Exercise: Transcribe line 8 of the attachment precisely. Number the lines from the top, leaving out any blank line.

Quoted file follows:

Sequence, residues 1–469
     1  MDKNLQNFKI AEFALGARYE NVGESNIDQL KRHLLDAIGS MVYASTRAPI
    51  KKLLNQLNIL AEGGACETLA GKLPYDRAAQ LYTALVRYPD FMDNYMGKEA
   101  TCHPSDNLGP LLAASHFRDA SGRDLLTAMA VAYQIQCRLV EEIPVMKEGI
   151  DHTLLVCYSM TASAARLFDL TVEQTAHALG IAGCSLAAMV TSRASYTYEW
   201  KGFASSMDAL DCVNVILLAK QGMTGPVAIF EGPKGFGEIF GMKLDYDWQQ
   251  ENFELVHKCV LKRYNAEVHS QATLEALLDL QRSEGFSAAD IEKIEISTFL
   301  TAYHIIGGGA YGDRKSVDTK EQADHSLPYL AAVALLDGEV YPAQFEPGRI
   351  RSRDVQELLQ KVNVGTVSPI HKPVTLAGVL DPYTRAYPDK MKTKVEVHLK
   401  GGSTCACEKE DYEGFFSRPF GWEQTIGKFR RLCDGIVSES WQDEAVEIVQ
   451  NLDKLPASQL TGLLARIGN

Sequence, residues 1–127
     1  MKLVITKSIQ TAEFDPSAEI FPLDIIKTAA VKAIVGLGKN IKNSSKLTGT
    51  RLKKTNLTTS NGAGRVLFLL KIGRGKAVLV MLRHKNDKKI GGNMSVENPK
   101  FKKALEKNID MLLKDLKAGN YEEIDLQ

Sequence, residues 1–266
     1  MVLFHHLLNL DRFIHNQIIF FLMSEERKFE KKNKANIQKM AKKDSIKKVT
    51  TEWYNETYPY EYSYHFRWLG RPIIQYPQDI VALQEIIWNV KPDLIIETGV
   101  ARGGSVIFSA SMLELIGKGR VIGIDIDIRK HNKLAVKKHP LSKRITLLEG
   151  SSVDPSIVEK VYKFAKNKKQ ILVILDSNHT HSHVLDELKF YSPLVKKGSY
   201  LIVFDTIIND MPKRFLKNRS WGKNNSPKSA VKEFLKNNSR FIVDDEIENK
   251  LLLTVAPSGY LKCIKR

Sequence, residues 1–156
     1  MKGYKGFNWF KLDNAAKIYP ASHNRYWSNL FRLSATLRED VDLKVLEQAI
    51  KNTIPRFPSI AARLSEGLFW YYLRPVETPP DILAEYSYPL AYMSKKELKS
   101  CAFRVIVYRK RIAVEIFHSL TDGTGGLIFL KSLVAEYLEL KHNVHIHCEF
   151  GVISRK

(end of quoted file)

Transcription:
   301  TAYHIIGGGA YGDRKSVDTK EQADHSLPYL AAVALLDGEV YPAQFEPGRI